Thursday, August 2, 2012

Disks improvements in GNOME 3.6

Just a short exposition of new features and changes in the Disks and udisks releases that will ship with GNOME 3.6
  • There are now configuration dialogs for power management for ATA disks, see these two screenshots. Implementation-wise, it's backed by udisks configuration files, see the udisks man page for details. In the future we may add more disk and block device settings (for example, for controlling write-back/write-thru caching)
  • The Disks application will now show a Zzz icon if a disk is in standby mode. It looks like this. You can also manually put a disk into standby mode and also wake it up
  • There is now a way to erase a disk by filling it with zeroes. If the disk supports the ATA SECURE ERASE command (all modern ATA hard disks from the last decade or so), we support that as well. The erase type is selected from a combo box. In the erase confirmation dialog we also now offer guidance for all three cases since each of them have interesting implications (quick format, overwrite, ATA secure erase). The link in the last warning points the user to the ATA Secure Erase page on the Linux ATA Wiki. Hopefully this guidance is useful for people donating/selling old disks/devices (e.g. remind them to wipe)
  • Long-running jobs are now displayed in the Disks user interface along with a way to cancel the job as well
  • There's a new "Disk Image Mounter" application for attaching (you've guessed it), disk images. It comes with MIME type associations and in Fedora 18 it is the default application for ISO files. This means that if you double click an ISO file in Files, this application is invoked and it simply just sets up the loop device.
  • Combined with this GVfs change the desktop bits will Do The Right Thing(tm) when the user sets up a loop device (don't worry, we don't do anything automatic if your shell script calls losetup(8) - it only affect loop devices set up via the udisks D-Bus interface). For example, if the image contains an installable OS, the desktop will go on to prompt the user to install the OS in the disk image. Note that the machinery is exactly the same as for physical media / devices - e.g. it works with partitioned disk images, the user is prompted to unlock LUKS volumes in the disk image etc. For example, for a ISO image of a Video DVD, the desktop will suggest opening whatever app is registered for x-content/video-dvd (normally Totem but could also be a 3rd party DVD player claiming to support that MIME type)
  • The GVfs bits will also toggle the autoclear flag for the loop device when it mounts / unlocks the loop device (or a partition on the loop device) - this is so the disk image is detached when the last user stops using it. This flag can also be toggled from the Disks application, see this screenshot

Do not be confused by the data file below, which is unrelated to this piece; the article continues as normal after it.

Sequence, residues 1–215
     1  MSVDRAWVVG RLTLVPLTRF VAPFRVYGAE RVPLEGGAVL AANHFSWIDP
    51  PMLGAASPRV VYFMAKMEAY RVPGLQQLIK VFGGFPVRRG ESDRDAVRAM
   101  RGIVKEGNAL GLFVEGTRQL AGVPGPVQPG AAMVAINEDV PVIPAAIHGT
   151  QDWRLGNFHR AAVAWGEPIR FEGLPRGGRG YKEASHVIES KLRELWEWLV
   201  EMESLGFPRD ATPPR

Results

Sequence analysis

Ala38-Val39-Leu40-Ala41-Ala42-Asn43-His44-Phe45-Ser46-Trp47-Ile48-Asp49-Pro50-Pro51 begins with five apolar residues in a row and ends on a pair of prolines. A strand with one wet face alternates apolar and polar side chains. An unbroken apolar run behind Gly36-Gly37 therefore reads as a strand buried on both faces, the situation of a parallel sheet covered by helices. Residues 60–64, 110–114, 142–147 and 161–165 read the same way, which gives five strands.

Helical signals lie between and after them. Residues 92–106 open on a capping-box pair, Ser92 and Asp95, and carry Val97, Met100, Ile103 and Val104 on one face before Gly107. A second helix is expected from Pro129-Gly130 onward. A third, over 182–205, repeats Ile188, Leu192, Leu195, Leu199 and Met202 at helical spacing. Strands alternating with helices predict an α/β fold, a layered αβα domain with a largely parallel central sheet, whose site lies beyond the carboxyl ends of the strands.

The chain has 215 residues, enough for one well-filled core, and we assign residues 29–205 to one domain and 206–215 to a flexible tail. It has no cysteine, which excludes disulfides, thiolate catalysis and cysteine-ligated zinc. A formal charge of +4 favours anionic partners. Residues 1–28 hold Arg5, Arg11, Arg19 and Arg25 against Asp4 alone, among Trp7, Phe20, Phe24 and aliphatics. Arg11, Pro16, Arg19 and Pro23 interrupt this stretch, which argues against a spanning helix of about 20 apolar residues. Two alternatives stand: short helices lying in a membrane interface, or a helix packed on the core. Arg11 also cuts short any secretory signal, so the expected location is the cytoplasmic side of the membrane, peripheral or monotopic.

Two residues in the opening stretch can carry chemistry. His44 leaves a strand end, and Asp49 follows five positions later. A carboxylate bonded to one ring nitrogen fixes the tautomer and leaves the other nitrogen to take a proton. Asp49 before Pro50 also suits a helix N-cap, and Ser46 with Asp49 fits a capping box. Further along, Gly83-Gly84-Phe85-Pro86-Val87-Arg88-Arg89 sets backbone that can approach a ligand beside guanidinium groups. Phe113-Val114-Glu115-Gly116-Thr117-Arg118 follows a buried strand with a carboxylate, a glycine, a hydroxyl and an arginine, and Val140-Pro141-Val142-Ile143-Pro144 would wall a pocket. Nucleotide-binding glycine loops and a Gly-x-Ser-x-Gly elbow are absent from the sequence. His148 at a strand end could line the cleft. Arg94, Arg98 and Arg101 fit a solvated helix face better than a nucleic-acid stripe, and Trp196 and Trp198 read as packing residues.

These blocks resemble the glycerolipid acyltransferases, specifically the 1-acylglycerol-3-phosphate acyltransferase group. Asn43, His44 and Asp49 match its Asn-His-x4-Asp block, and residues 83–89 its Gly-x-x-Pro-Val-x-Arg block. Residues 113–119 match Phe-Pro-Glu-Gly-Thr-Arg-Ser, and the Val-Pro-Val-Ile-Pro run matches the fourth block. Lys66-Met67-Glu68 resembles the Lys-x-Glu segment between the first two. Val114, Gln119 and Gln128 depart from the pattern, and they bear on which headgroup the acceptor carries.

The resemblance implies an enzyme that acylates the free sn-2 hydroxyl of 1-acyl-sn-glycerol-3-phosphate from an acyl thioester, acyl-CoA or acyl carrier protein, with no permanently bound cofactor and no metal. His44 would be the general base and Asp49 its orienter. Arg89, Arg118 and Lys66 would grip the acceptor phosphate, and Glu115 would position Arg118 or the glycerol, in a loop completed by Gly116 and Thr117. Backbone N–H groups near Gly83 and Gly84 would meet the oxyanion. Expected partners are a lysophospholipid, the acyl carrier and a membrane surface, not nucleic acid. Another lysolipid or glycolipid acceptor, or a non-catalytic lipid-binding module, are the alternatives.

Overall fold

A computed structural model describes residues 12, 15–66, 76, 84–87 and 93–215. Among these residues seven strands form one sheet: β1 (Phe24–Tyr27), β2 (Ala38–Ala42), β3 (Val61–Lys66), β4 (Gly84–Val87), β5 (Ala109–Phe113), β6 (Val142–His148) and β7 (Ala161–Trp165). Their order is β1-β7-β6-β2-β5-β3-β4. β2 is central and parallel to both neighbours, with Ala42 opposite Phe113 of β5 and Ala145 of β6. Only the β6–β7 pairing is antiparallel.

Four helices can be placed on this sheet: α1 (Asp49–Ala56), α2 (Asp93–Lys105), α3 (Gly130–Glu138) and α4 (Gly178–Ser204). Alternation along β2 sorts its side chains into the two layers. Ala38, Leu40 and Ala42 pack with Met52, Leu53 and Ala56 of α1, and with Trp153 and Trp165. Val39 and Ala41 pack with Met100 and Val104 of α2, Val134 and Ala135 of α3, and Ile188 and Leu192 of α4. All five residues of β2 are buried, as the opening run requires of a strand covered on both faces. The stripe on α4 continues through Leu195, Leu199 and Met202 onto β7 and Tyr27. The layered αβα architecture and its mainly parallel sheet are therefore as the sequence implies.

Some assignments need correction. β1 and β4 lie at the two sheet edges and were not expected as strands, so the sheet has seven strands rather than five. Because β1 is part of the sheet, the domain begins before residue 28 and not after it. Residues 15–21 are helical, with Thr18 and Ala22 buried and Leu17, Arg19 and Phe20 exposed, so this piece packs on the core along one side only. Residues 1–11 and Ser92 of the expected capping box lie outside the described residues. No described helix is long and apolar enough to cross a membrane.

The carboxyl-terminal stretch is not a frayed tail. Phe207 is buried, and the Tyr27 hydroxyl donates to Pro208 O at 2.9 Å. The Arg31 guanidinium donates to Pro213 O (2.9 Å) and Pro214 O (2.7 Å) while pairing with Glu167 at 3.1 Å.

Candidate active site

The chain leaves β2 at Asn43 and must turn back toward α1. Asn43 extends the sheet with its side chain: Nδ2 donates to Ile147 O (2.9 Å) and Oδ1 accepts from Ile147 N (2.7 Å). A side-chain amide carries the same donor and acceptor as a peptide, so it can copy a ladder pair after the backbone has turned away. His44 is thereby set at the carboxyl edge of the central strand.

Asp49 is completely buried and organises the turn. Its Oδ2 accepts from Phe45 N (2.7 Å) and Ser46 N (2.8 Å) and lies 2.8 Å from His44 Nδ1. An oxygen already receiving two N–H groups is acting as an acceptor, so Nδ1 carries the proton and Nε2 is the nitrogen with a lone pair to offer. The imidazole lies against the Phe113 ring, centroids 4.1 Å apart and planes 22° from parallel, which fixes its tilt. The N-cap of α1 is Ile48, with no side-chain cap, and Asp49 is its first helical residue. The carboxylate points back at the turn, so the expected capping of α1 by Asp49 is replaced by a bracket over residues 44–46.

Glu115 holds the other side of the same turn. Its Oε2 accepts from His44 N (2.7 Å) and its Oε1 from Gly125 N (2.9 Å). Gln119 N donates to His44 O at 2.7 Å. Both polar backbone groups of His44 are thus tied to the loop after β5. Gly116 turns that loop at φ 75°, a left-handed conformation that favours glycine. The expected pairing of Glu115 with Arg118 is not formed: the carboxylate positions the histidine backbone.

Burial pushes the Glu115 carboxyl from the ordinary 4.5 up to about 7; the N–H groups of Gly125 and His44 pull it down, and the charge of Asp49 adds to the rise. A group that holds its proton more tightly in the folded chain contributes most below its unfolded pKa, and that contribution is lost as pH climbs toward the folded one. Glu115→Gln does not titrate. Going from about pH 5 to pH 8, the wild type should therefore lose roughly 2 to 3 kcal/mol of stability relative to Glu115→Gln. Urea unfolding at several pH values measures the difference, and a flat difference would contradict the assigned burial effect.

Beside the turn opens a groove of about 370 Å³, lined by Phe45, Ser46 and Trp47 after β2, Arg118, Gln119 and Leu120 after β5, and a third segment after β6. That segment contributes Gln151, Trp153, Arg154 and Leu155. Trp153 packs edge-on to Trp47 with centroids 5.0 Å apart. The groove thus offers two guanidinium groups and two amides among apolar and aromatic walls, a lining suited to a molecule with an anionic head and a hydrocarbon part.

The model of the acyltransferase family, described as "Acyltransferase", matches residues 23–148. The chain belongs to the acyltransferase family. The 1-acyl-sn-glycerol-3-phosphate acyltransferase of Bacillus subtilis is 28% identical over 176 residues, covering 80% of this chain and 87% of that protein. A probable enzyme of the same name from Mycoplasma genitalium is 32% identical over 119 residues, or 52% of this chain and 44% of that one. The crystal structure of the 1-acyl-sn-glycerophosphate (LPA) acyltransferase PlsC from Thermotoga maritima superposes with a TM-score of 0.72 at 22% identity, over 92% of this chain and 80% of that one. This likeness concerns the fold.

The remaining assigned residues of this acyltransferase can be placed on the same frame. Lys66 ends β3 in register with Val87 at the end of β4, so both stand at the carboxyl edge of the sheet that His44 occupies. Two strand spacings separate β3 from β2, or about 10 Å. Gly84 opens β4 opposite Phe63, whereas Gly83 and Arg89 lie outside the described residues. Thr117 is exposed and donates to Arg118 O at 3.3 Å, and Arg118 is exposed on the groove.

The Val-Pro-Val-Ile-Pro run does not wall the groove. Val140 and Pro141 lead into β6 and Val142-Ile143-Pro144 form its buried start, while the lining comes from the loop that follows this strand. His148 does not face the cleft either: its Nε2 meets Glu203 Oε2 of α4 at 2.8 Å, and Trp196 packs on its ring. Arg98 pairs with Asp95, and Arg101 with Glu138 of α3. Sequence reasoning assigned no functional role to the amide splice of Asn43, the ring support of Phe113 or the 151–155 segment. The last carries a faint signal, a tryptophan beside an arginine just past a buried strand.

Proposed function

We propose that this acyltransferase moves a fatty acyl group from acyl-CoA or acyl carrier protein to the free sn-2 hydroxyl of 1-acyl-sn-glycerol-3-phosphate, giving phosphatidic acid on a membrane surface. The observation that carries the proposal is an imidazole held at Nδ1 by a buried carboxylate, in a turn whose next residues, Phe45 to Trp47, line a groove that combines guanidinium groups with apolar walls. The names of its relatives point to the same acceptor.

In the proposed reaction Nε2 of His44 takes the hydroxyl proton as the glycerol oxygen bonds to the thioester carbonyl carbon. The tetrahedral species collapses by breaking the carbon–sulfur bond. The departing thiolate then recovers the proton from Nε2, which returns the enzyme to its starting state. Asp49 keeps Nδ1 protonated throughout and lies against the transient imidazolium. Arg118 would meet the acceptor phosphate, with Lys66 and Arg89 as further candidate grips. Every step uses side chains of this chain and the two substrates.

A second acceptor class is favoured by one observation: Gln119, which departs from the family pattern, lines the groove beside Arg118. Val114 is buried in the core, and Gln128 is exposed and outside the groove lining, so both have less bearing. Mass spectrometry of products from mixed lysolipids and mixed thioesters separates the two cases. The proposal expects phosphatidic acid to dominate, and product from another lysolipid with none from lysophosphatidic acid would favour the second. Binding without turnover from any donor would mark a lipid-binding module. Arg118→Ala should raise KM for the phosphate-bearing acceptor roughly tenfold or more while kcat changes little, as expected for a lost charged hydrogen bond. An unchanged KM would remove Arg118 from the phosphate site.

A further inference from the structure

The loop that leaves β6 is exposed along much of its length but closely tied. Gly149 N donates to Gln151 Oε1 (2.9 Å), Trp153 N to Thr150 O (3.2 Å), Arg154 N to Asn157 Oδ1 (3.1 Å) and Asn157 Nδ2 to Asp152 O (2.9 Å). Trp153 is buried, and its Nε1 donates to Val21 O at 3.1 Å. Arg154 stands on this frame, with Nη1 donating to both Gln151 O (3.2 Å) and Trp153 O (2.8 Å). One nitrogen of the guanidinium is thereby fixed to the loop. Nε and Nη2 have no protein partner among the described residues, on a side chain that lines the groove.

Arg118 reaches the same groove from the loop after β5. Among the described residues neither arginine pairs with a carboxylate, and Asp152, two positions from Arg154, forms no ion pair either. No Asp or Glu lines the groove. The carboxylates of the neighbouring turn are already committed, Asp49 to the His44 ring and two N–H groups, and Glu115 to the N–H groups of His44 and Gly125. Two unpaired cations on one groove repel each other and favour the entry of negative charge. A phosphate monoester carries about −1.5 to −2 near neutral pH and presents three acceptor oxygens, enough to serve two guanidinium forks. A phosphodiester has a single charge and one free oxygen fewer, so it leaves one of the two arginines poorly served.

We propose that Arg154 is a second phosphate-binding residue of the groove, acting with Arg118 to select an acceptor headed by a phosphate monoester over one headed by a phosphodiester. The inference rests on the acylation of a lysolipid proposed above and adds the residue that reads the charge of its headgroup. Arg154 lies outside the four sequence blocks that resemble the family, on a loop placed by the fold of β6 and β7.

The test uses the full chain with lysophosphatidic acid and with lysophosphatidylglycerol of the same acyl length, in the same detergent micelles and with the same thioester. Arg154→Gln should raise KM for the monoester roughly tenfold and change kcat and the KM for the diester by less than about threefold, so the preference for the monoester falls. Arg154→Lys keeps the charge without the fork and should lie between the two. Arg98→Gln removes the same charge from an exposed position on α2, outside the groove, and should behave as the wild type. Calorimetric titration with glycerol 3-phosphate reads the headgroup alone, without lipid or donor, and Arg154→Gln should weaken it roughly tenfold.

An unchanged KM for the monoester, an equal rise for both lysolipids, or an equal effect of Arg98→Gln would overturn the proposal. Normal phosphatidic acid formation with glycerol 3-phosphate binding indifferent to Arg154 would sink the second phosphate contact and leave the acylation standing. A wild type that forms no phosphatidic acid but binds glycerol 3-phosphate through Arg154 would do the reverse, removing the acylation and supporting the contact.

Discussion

• After a good and healthy discussion, the desktop shell now offers to save the LUKS passphrases in the keyring again (removed in 3.4, back in 3.6!). So it was a natural thing to make the Disks application read it when unlocking the volume
  • Speaking of passphrases, Disks is now using libpwquality and GtkLevelBar. It looks like this
  • By popular demand, the benchmark feature that was lost in the Disks/udisks rewrite that landed in GNOME 3.4 is now back - it now looks like this. Not only is it back, it's back in style: write benchmarks are now non-destructive (just use ECC memory, please) and the graph is updated while the benchmark is underway. You can also configure how many samples to make etc.. Also, benchmarking isn't constrained to whole disks anymore - you can now do it on any volume or block device (for example this RAID-6 array). It's a handy little feature
Of course, the GNOME Disks changes are just the user-visible bits. The "lower half" of the Disks application (basically invisible to end users) is called udisks and happens to be shared with other user interfaces including KDE and all the other user interfaces built on top of GLib/GTK+. For udisks changes, see its git repository for details.

Looking forward to GNOME 3.8

Some of the things I'm planning to work on in the future (hopefully some of it will land in GNOME 3.8) include
  • Filesystem/partition resizing - not that interesting of a feature on its own, but incredibly useful in an installer setup where you want to dual-boot with another OS. It shouldn't be that hard to implement since the functionality more or less exists and the main job here is a) add a couple of methods to the Filesystem and Partition D-Bus interfaces; and b) design and implement the UI in Disks. I'm planning to collaborate on the udisks bits with the KDE developer who filed the bug
  • Linux MD Raid support in udisks and Disks. We actually had somewhat decent support for this in the old version of udisks/Disks (see these screenshots for example) but it was removed in the rewrite as it was implemented in a hurry without a lot attention to design. Turns out there's still quite a bit of interest from several parties to add back this functionality plus also supporting external metadata and firmware/platform features in a meaningful way. To keep complexity down, we'll probably only allow creating arrays from whole disks as this is the recommended way to do RAID (users can still use mdadm(8) to create arrays on partitions if they so desire)
  • Simple iSCSI initiator support - there's already git branches for this in the gnome-disk-utility and udisks repos but it's probably somewhat out of date by now. Anyway, the idea is really simple - just provide a simple front-end to the most common features provided by Linux Open-iSCSI. Some old screenshots showing the work I've already done are here and here